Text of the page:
“If there’s a financial pressure, it’s really hard for people to get together and actually make great entertainment. So this is hard; this is really hard. And the only reason I think that there is a surprise is in part because of the Kickstarter phenomenon, where people were looking to raise the last $500,000 of a $2 million game, and people thought the game was made for $500,000… Games are really expensive to make, especially the kind that the consumer really desires.

“What we saw with the crowdfunding experience, that we went through ourselves as well as many others, is that the average experience where you get a certain amount of money or you just make your minimum, becomes an expectation of what it takes to actually create product, and that’s pretty much not true. You’re typically investing some of your own money or another investor’s money into the product and, often, people are using crowdfunding to complement that so that they can have enough to make the whole thing.”

The $10,000 man-month figure, while scary, is not necessarily universally applicable. Location of your studio and cost of living certainly is a factor in how much employees get paid, and smaller indies aren’t going to have the same overhead as double-A teams filled with veterans. Beyond that, there are different approaches to what kind of team to build.

Pobst explains: “If you visit a development studio there are going to be several different models. The model we [use] at Hidden Path, and I’ve heard places like Crystal Dynamics, is to try and favor a smaller staff with more highly compensated people… The philosophy is that, if you have people who know each other really well and work together really well, their output is going to exceed what the other model [yields].

“The other model is a few highly experienced people that you compensate very highly because they’re your leadership, and then [you hire] a larger number of younger and more inexpensive people. You tend to have more of those people to do the same amount of work, and there’s a lot more management overhead. That can work, and there are many companies that use that model. In fact, if you start looking at successful titles, you’re going to find examples of both. There is no one right model.”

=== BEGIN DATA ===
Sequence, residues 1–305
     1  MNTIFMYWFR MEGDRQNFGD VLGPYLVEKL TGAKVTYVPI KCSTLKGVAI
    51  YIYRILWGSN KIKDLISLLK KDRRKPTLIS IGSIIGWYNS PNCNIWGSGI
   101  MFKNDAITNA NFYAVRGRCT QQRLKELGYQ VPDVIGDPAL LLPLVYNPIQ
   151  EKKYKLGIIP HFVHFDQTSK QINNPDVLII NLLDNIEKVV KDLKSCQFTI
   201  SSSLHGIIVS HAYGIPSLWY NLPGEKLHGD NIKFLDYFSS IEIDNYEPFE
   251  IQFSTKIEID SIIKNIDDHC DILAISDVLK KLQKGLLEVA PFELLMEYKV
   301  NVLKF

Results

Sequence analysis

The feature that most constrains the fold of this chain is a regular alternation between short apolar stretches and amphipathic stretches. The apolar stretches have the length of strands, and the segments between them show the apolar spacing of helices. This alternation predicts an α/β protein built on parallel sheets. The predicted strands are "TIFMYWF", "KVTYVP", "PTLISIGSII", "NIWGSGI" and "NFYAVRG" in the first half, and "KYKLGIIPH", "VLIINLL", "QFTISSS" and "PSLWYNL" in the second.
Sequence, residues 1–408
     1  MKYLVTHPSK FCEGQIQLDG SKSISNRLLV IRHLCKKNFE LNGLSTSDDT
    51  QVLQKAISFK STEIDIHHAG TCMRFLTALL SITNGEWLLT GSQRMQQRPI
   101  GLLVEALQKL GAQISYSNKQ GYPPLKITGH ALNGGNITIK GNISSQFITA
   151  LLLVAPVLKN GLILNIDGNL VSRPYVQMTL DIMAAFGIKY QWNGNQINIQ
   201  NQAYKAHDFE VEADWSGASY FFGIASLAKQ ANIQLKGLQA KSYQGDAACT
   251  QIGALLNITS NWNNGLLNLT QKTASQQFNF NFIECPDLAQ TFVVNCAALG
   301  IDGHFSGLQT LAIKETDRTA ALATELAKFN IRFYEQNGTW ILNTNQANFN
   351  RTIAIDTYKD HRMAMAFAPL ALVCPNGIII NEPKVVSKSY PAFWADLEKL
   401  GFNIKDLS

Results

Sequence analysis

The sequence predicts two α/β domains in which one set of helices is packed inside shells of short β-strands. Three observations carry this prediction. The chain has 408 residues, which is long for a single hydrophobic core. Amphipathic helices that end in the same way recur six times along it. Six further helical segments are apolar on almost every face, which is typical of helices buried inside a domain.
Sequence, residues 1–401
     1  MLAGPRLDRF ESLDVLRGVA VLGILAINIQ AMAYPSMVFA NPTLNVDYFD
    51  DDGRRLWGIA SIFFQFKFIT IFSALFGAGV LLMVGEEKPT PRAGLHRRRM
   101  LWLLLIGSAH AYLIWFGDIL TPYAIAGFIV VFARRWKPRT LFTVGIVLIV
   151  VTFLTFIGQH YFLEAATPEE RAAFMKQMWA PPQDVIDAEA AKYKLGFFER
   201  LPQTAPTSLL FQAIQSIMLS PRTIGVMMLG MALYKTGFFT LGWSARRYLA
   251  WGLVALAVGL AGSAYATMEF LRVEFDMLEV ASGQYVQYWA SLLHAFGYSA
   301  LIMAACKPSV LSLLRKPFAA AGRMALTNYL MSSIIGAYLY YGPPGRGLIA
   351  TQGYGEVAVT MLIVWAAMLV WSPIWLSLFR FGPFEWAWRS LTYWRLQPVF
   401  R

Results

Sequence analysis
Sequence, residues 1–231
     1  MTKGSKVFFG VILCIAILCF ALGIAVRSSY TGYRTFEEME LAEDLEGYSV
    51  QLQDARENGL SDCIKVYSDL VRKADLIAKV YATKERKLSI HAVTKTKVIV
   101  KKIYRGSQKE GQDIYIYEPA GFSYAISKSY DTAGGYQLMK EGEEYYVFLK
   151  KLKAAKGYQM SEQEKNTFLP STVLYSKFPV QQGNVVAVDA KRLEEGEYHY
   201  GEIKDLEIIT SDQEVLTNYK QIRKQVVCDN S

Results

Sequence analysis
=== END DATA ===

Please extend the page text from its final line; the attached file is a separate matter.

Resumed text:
While the cost per head may not compare perfectly on a project-to-project or company-to-company basis, the budgets for games continue to go up no matter what. What can the mid-size studios do to compensate for this worrying fact?

“It depends on the genre you’re in, but the scope and scale of the thing is what you really need to keep an eye on,” Fargo advises. “The visual and audio expectations are rising as the budgets for the double-A games has risen… I would tell developers to keep a really close eye on the scope of the product; better to have something that’s very small and tight and polished than something that’s overly large… and hits a lot of different things but don’t quite visually hold up to the others.”

The other issue to contend with is how games are transforming to games-as-a-service, which could be a positive in terms of generating more revenue or a negative because of the need to support staff year-round.

“As I look out towards the future, we are most definitely looking to incorporate aspects of that business model,” Fargo notes. “The plus sides of it, of course, is that there’s no piracy, and you’re able to do better business in some territories where piracy is extremely high. But also it allows you to build a community and have a live-ops team and do [fewer] products, but keep people on it everyday and make it better – doing tournaments and all of those things… It’s a very compelling thing to have [but] it does put pressure on a single-player experience game.”

Turtle Rock’s Goldstein sees the games-as-a-service model going one step further, effectively becoming Netflix-like subscriptions to access content; something big publishers like Ubisoft and EA have predicted is on the horizon. Subscription revenue could be a way to help mitigate rising costs.

“I can absolutely see something like that happening down the line,” he says. “Netflix is now playing with budgets that are approaching blockbuster films, so I could see those numbers working for each of the publishers, where they have their users paying a subscription and they release a certain number of really high-end titles as well as a bunch of indie titles… I could see that in five years.”

Rising costs have been putting the squeeze on mid-sized studios, but that’s not to say triple-A developers and publishers are immune. As Pobst points out, “There used to be a lot more publishers than there are now.” As the saying goes, the bigger they are, the harder they fall, and smaller companies have a chance to succeed by being more nimble.

“Adapting is part of the game industry,” Pobst continues. “You try and find the areas to adapt to that match your skill set. If you’re a great narrative designer and your team makes great narrative games, you probably don’t go into mobile and focus on free-to-play monetization. It’s not really playing to your strengths.”